I drank another glass of whisky in Glenarmthe mild climate of Ireland soon teaches one whisky drinkingfor my car-driver told me it was the last good whisky we could procure on the coast,the Larne whisky was no good, and the Carrickfergus whisky was still worse. We then proceeded towards Belfast. I felt myself exceedingly comfortable on one side of my body, which, in one corner of my car, was sheltered from the attack of the snow and wind, and I did all in my power to concentrate all my sense of feeling and my whole soul into this comfortable corner, and to let all my other limbs freeze and shiver in the wet and cold as much as they pleased. Most people say that if one part of the body, the feet, for instance, or the head, is cold, one feels uncomfortable all over, however warm the rest of him may be; but I think my theory is better, and that one may bring himself, with some persuasion and management, to feel contented and warm if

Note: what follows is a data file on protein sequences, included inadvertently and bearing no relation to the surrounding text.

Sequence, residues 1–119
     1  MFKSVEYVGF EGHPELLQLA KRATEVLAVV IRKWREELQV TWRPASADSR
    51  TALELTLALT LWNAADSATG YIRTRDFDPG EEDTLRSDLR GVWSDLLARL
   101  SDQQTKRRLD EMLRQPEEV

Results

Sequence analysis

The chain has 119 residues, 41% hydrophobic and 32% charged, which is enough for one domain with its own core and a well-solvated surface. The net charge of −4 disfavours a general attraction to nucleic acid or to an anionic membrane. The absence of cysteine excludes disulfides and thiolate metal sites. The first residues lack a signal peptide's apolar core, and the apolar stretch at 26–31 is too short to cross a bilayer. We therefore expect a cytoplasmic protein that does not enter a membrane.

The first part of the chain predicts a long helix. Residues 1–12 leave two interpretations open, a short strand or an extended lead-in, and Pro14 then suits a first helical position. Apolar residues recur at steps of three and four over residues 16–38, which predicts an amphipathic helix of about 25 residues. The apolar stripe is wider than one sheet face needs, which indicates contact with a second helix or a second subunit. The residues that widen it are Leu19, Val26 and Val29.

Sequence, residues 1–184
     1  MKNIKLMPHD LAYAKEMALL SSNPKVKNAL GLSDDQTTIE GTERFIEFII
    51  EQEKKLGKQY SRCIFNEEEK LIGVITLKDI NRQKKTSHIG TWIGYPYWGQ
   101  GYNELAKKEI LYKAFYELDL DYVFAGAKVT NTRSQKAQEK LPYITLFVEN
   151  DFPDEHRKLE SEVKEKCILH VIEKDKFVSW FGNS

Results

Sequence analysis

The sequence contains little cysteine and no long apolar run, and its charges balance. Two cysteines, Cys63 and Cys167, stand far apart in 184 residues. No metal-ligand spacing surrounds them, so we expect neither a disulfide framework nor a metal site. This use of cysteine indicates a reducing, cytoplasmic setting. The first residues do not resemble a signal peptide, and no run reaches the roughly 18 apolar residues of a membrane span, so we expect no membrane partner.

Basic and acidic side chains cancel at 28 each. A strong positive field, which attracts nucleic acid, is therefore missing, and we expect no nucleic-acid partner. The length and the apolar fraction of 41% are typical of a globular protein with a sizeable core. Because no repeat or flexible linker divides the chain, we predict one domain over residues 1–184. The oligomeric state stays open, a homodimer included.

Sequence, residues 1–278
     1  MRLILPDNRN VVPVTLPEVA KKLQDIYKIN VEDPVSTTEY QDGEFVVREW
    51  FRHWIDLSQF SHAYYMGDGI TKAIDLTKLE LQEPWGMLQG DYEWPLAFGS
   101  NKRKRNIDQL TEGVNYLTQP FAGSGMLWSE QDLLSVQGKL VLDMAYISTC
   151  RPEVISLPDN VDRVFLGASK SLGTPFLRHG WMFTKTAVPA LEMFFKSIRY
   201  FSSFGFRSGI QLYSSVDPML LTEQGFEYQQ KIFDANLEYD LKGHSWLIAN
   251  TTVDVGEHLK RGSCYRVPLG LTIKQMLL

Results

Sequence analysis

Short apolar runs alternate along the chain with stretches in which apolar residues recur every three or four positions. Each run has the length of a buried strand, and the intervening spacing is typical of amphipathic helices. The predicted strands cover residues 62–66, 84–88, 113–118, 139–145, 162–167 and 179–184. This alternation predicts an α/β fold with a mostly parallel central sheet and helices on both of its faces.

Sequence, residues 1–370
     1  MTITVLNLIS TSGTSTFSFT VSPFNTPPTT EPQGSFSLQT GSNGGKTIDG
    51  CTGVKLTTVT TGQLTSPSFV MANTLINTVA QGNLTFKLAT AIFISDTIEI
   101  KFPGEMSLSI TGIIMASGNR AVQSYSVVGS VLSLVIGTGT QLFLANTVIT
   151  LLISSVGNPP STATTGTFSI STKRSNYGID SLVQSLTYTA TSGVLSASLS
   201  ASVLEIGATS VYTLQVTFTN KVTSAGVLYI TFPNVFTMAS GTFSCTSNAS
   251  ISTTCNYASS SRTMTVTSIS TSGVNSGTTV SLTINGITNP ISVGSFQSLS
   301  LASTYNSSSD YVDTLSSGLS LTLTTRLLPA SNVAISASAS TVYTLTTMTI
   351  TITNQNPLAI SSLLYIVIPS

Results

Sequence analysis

p.417but one limb be well off. I occupied my thoughts with this theory till I arrived at Belfast, where I had an opportunity of drying my papers and clothes one by one.
And when I had effected this, I took my leave of Erin, and embarked for Caledonia.
End of Travels in Ireland